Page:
M: That, the more they’re working, the lighter they feel and you know, holding them, doing, us doing all of the work is gonna increase expenditure, isn’t it?
M: But, even putting them in the sling is going to increase expenditure, because what, what work are they doing in the sling, compared to when they’re actively clinging. So huge difference, huge difference, right?
U: Yeah, yeah. And also when you move, if you move they would cling tighter than if you would just stand and also it’s something about that their heart rate also goes down when you’re moving and they will be much calm, much more calm in their movement so they like kinda help out with you, if you have to move they will help out as well and I think that’s, together would like the friction and then becoming, and them becoming calmer and it’s much easier to carry them and they can cling and we use the reflexes. And how is it with the reflexes they are more active as well when you are walking? I guess they would be because they have to…
M: Yes, yeah.
U: Adjust themselves.
M: Yes, the effect of movement triggers reflexes doesn’t it? Because when we’re moving our body, we’re moving their body as well and we’re creating different contact points as we move backwards and forwards with like in our hip. Does that make sense?
U: Yeah, yeah, yeah yeah.
M: Yeah, yes.
U: And also like if you look at evolutionary history and us losing hair and all that, and also looking at some of the, the apes and monkeys, I can never remember what is apes and what is monkey but like gorillas and chimpan…
U: Chimps. Chimpanzees?
M: Yes, chimpanzees.
U: Chimpanzees, okay. You could see that like for their survival, it’s so important that the carrying going on is a safe because the biggest risk for a small chimp or a gorilla is to fall and get and die that way. So safe carrying is like, is really, really important, I’m thinking it must’ve been for the, for the, for us as well, of course and also like the, the ones before, the, would you say species before us? No? Like, if you like early, early man before homo sapiens, like…
M: Early man?
M: I don’t know the terminology.
U: It’s frustrating, I’m not a native English speaker but we’re doing the best we can, I’m doing the best I can here. Anyway…
M: You’re doing very well.
U: And if you look to like gorillas and chimps, they, the small, the small one, babies, they can’t cling on to their mother because they’re not strong enough, they’re too heavy for holding the fur. So, then the, the gorilla and the chimp, the mothers are holding these small babies with their, the hands of the first 1 to 2 months and then they can start clinging on…
M: That’s an interesting timeline, when you think about, um, the carrying going on with humans as well in the first 3 months. It’s quite similar isn’t it?
U: Yes, yes, yes. Very similar, especially if you look like at videos and stuff, and you can really see like them, the gorilla mothers and the chimp mother’s being really really caring about their, about their babies, it’s not like the baby have to cling on and they wouldn’t, and they just go on with their lives, they really really recognize it ”Oh wow, there’s a baby here” and like doing a lot of bonding and stuff, they were smelling and looking at the baby and holding it and really really helping out. I think I had a point that was gonna come to but now I can’t remember, but it’ll probably come again.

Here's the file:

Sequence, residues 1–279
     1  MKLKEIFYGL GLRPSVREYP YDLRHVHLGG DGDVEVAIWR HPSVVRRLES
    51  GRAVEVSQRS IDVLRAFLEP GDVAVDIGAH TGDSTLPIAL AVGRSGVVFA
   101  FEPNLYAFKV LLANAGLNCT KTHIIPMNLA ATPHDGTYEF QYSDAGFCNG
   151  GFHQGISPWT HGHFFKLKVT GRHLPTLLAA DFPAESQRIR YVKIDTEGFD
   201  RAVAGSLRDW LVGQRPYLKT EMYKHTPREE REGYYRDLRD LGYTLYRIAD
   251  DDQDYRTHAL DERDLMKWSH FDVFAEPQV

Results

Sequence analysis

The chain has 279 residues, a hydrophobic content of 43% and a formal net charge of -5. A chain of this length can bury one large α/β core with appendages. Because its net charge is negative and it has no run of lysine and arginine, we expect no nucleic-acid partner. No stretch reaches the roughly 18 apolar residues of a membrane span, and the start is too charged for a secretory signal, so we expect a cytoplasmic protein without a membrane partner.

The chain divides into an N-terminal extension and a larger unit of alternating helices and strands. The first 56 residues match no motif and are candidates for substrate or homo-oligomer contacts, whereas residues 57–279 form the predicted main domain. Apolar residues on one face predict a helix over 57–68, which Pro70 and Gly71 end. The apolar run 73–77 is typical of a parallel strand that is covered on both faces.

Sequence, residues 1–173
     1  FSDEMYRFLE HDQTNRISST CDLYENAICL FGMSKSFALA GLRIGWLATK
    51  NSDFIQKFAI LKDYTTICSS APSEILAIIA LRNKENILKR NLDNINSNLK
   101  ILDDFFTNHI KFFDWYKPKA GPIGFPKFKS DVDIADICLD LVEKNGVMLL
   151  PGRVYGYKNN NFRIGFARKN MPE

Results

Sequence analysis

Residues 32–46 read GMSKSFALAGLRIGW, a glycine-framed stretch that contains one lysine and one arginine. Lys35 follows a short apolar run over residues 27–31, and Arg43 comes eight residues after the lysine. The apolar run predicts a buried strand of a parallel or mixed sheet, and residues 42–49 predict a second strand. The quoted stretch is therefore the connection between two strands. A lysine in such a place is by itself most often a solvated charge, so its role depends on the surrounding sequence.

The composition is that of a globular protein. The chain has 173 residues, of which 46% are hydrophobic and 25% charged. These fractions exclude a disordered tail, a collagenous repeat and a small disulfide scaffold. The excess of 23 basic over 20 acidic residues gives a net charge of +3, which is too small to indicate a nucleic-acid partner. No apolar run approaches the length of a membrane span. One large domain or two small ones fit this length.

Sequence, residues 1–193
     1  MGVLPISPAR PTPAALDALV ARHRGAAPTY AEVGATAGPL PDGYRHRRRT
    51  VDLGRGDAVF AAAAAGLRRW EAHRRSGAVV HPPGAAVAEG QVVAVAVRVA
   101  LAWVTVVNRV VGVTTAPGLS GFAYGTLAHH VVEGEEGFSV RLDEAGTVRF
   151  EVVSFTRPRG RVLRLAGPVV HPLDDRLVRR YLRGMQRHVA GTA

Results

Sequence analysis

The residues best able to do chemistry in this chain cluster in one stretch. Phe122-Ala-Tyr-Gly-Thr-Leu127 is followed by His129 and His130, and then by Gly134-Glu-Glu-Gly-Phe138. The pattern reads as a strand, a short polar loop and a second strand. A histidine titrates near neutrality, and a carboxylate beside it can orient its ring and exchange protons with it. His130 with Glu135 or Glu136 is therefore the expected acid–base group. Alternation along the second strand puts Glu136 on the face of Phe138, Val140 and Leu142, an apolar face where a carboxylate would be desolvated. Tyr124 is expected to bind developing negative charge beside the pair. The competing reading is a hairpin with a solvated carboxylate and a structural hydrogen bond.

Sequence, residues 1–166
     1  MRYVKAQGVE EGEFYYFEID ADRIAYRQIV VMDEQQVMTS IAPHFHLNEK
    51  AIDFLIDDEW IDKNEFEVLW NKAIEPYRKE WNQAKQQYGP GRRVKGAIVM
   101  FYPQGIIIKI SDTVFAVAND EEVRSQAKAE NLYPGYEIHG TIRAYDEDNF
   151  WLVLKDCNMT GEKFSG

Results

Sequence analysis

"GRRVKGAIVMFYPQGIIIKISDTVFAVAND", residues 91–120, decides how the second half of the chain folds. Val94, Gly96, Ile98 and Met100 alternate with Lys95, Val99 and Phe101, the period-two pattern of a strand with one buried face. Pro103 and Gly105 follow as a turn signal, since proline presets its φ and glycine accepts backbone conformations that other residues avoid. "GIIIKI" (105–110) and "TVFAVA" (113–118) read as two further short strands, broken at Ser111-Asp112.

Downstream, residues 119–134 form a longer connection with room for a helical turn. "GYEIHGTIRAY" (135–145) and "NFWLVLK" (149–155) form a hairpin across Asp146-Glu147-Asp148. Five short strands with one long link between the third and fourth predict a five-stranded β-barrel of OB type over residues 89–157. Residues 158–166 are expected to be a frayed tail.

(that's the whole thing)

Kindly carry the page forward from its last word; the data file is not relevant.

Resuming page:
M: Is it something to do with body hair? On them?
U: Yeah, I think it, no, it was something about the safe carrying and also for humans and the friction there has been really important like when not having as much as hair or a much thick hair [crosstalk] other ways for safe, safe carrying.
M: Exactly and yeah, we’re designed to carry them safely so much of our make-up, you know? The caregiver’s body and the baby’s body, so many amazing things. You know, the, you’d never even think to think of would be related to carrying, it’s just, it’s just beautiful, really is. Yeah, we’ve talked about skin and touch and hair and everything but obviously that’s not how we carry most of the time, it’s like skin to skin. We, we pretty much have to factor in some layers of clothing here and there and especially depending on the weather, don’t we? So maybe that’s next thing to move on to.
U: Yeah, yeah.
M: What we do to adapt that carrying blueprint to real life carrying, modern day carrying.
U: Start, start, but let’s start looking at the, the diapers. I’m really in favour of cloth diapering but it has a bulkiness.
M: Mm-hmm, yeah.
U: To it.
M: I’m like no we can’t say cloth is bad – it was so good but oh my God.
M: Yeah. I think it is, so the amount of bulk is not really, and I think a lot of the amount of bulk that comes from cloth is down to the, the expectation of trying to increase the absorbency to match that of disposables, rather than regular, you know, more regular changing of the nappies or at least back when I was using cloth as a nappy kind of thing, that was the focus back then, it was you know, how long can we go between changing a wet nappy, trying to increase the absorbency.
U: But usually, like if you combine it with elimination communication, usually you have like a thinner nappy, a lot of the time because you don’t need to have as much thickness and also, depen- if you carry your baby and it only has a nappy on and then it’s also depending on the material on the outside of the nappy.
U: Cause wool, or linen would give more friction than say this, PUL fabric? I don’t know what to say in, in Britain.
M: Yeah, it’s P-U-L or PUL.
U: Yeah, yeah. If you have that [inaudible 00:27:34] to the layers I guess this different as well.
M: Yeah. Definitely. But this is again going back to the fact that you know, as a culture or as cultures, cause we’re talking about more than one culture here, it is our tendency to try and find ways of “bettering” and I say that in quotations because it really is not bettering our lives at all. You know, our cultures, they want convenience and we’re, it’s drilled into us from such a young age, you know? What’s the easiest way of doing this? What’s the most convenient way and it makes us more and more sedentary doesn’t it?
U: Yeah and I guess it’s drilled into our genes, [Crosstalk] it’s drilled into our genes which has make it so difficult like to save energy. But, I think but, as a parent, I think what could be really useful is to observe like what is happening. If you have your baby in your arms or even a sling, like okay, it has different kind of clothing from this day to another or like what is happening, like with the carrying like you could observe the observation of yourself and your baby on how it feels, to get more knowledge on your own and also what suits you and depending on like what climate do you live in and…